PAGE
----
This page only contains excerpts and selected passages from Ray Carney's writing about Shadows. To obtain the complete text as well as the complete texts of many pieces about Cassavetes that are not included on the web site, click here.

Excerpts from Ray Carney's Shadows
A Democratic Narrative
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One of the hallmarks of Cassavetes' work is the multiple-stranded narrative. While Hollywood is premised on an identification strategy in which the viewer processes information in terms of a single, dominant understanding of what things mean (generally figured by the star's viewpoint, though the understanding may be shared with or parceled out among several main characters), none of Cassavetes' films is organised in this way. Life contains many different stories and alternative points of view. The narrative circulates the viewer through alternative perspectives and relations to experience – no one of which is necessarily more important, virtuous or correct than any other.

It is crucial to the effect of the film that Shadows tells three stories at once, and grants Hugh, Lelia and Ben independent identities, sets of friends, and problems to deal with. In a narrative paradigm that will be repeated in all of Cassavetes' subsequent films, the initial scenes present the characters separately so that the viewer can get to know and care about each as an individual; the middle section brings the figures together in extended interactions with each other so that differences in temperament and behaviour can be registered, and the closing scenes separate the characters one final time and provide separate conclusions to their individual stories. The narrative even-handedness prevents any one figure from "starring" or relegating the others to merely "supporting" status. Though Lelia has more on-screen time than either of her brothers, in no sense can Hugh or Ben be said to be merely supporting figures in "her" movie. No matter how gripping or painful her personal drama is, she is not allowed to take over the film and make it hers. The effect is simultaneously invigorating and chastening. The switches from one figure's story to another's keep each "in his place." Even as one character demands our attention and sympathy, the others make equally important and conflicting claims on our feelings.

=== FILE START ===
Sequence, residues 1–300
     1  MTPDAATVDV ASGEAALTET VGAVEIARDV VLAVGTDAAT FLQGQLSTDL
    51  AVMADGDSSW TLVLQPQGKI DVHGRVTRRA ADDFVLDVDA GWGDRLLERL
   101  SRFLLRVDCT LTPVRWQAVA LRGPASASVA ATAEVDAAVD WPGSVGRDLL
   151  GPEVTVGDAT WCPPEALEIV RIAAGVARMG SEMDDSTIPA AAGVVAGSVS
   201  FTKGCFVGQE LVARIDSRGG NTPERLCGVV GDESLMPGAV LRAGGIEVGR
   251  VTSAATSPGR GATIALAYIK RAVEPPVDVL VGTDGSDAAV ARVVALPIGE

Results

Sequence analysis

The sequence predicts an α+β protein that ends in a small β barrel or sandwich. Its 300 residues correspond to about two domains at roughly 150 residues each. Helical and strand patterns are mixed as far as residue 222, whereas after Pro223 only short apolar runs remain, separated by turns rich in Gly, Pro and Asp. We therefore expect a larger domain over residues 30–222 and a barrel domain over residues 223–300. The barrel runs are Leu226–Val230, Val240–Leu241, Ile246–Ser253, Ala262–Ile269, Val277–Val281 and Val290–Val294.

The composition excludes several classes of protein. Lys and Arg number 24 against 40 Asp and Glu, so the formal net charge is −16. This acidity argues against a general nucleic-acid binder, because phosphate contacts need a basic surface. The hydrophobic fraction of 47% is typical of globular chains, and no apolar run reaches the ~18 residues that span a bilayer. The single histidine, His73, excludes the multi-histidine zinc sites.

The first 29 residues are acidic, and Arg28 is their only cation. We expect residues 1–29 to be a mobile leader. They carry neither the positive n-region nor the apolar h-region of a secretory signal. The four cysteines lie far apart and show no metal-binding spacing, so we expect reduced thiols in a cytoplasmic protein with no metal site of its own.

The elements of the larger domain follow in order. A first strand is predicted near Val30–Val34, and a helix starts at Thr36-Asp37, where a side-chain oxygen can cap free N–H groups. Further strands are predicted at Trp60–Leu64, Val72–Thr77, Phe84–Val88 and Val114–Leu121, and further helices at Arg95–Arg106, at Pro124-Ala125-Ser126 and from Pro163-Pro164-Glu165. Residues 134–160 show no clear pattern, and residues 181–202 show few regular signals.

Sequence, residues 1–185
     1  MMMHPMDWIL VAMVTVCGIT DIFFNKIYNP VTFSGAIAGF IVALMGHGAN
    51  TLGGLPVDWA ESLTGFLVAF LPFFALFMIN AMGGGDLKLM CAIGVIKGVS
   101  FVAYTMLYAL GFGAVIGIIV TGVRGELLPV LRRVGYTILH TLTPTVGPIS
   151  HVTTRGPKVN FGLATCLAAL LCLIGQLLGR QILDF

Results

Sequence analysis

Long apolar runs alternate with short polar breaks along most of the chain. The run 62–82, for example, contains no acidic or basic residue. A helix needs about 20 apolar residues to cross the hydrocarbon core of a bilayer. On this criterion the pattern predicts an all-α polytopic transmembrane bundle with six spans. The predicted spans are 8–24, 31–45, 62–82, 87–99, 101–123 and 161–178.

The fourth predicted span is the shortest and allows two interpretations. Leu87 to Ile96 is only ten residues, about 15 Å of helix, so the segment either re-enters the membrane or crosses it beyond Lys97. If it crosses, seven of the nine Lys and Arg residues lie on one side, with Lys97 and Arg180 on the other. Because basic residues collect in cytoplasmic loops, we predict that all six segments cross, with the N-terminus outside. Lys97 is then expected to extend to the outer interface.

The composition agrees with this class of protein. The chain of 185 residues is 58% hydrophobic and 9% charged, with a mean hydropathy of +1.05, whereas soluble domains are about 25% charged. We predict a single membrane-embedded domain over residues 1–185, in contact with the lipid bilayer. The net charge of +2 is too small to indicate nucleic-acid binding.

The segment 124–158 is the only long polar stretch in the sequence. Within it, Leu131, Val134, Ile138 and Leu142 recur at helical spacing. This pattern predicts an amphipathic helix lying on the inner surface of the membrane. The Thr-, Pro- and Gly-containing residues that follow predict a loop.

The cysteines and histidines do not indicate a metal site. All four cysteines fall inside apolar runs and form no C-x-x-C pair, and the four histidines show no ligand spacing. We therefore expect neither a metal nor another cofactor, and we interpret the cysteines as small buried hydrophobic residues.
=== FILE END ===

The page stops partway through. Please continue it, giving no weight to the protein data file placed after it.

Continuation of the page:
Shadows, Published by the British Film Institute (London, England)

Distributed in America by the University of California Press at Berkeley

ISBN: 0-85170-835-8

88 pages; thirty illustrations

This page only contains excerpts and selected passages from Ray Carney's writing about Shadows. To obtain the complete text as well as the complete texts of many pieces about Cassavetes that are not included on the web site, click here.

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Text Copyright 2003 by Ray Carney. All rights reserved. May not be reprinted without written permission of the author.